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I have the following servers, which should be used for the following tasks:

big_box   111.111.111.111 Main-Server (Game-Server, Virtual Machines,...)
small_box 222.222.222.222 Web-Server

The idea is later (if I get this to run) to add more "small_box" type servers for load balancing.

I own a domain and I tried to setup the following DNS entries:

Host                         TTL    Type Preference Data
*.example.org                30     A    20         111.111.111.111
example.org                  30     A    20         111.111.111.111
example.org                  30     MX   20         mail.example.org
example.org                  86400  NS   20         ns1.nameserver.org
example.org                  86400  NS   20         ns1.nameserver.org
example.org                  86400  NS   20         ns1.nameserver.org
_http._tcp.example.org.      30     SRV  10         10 80 222.222.222.222
_http._tcp.www.example.org.  30     SRV  10         10 80 222.222.222.222
_https._tcp.example.org.     30     SRV  10         10 443 222.222.222.222
_https._tcp.www.example.org. 30     SRV  10         10 443 222.222.222.222

I waited more than twenty-four hours to let the changes propagate and I can lookup the SRV entries with:

dig _http._tcp.exmaple.org

and get as answer:

; <<>> DiG 9.9.5-3ubuntu0.6-Ubuntu <<>> _http._tcp.example.org SRV
;; global options: +cmd
;; Got answer:
;; ->>HEADER<<- opcode: QUERY, status: NOERROR, id: 45370
;; flags: qr rd ra; QUERY: 1, ANSWER: 1, AUTHORITY: 3, ADDITIONAL: 4

;; OPT PSEUDOSECTION:
; EDNS: version: 0, flags:; udp: 4096
;; QUESTION SECTION:
;_http._tcp.exmaple.org.    IN  SRV

;; ANSWER SECTION:
_http._tcp.example.org. 30  IN  SRV 10 10 80 222.222.222.222.

;; AUTHORITY SECTION:
example.org.    69477   IN  NS  ns2.nameserver.org.
example.org.    69477   IN  NS  ns1.nameserver.org.
example.org.    69477   IN  NS  ns3.nameserver.org.

;; ADDITIONAL SECTION:
ns1.nameserver.org.     2470    IN  A   xxx.xxx.xxx.xxx
ns2.nameserver.org.     977 IN  A   xxx.xxx.xxx.xxx
ns3.nameserver.org.     2470    IN  A   xxx.xxx.xxx.xxx

;; Query time: 32 msec
;; SERVER: 127.0.1.1#53(127.0.1.1)
;; WHEN: Tue Feb 02 02:18:13 CET 2016
;; MSG SIZE  rcvd: 212

But when I am trying get the webpage under any of the following

http://example.org
http://www.exampleuorg
https://example.org
https://www.example.org 

I always end up on 111.111.111.111 instead of 222.222.222.222.

(I setup 4 small webpages on Apache2 servers, stating which machine under which protocol I reached.)

Also:

traceroute example.org      
traceroute www.example.org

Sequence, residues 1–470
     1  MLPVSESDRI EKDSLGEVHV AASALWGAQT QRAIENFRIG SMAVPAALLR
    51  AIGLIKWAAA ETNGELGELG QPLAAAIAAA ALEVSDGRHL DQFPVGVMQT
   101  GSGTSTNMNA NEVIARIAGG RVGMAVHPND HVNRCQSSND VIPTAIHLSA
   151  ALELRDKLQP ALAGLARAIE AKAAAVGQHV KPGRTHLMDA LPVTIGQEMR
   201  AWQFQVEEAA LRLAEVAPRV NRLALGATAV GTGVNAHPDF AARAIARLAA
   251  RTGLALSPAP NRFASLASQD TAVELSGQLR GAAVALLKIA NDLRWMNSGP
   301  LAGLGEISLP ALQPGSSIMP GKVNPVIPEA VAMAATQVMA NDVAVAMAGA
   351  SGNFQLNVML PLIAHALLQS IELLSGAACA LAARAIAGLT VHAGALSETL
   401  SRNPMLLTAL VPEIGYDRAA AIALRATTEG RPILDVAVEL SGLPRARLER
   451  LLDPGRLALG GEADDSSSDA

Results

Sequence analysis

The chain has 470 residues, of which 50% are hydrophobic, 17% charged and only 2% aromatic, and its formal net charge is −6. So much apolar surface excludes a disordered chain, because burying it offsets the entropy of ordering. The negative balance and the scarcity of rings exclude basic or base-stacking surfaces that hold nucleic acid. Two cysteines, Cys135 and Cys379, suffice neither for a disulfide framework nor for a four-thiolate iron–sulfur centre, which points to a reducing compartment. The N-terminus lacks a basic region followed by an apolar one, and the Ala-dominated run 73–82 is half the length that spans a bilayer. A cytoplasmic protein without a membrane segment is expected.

traceroute -p 80 example.org      
traceroute -p 80 www.example.org  
traceroute -p 443 example.org      
traceroute -p 443 www.example.org

all end up on 111.111.111.111, which is OK for the first 2 requests, but not for the rest.

I did try to find examples for A and SRV entries together, but I didn't found any, just separate examples. I also didn't find statements that you can't use both at the same time.

Did I do something wrong?

  • Perhaps you need to give it a bit more time. Using HTTP will use a DNS cache whereas dig will not. As well, I have found, for whatever reason, dig may not use the default DNS of the machine and can hit the DNSs defined in your router. If these are different, you will find different results from time to time for somethings. I never really studied why, I just made sure that all DNS IP address entries agreed except where the internal DNS is required. As well, you may want to make your DNS on your server and router the same as your SOA at least for testing. – closetnoc Feb 2 '16 at 2:41
  • SRV records are unnecessary. Register dns records for www and example.org to the desired IP address. – user2320464 Feb 2 '16 at 20:43
0

SRV records cannot be used with websites. Browsers don't know how to look up SRV records to fetch a website on a different port from a different IP address from the main DNS A record.

The reason for this is provided by Teddy in Why do browsers not use SRV records?

The RFC for SRV records specifies that it may not be used by pre-existing protocols which did not already specify the use of SRV records in their specifications. I.e. no SRV in the HTTP spec - browsers are, by the SRV standard, prohibited from using it.

This does not prohibit a new HTTP 1.2 standard from specifying the use of SRV records, though. However, Mark Andrews proposed this in April 2007 to the IETF HTTP working group, but got no response.

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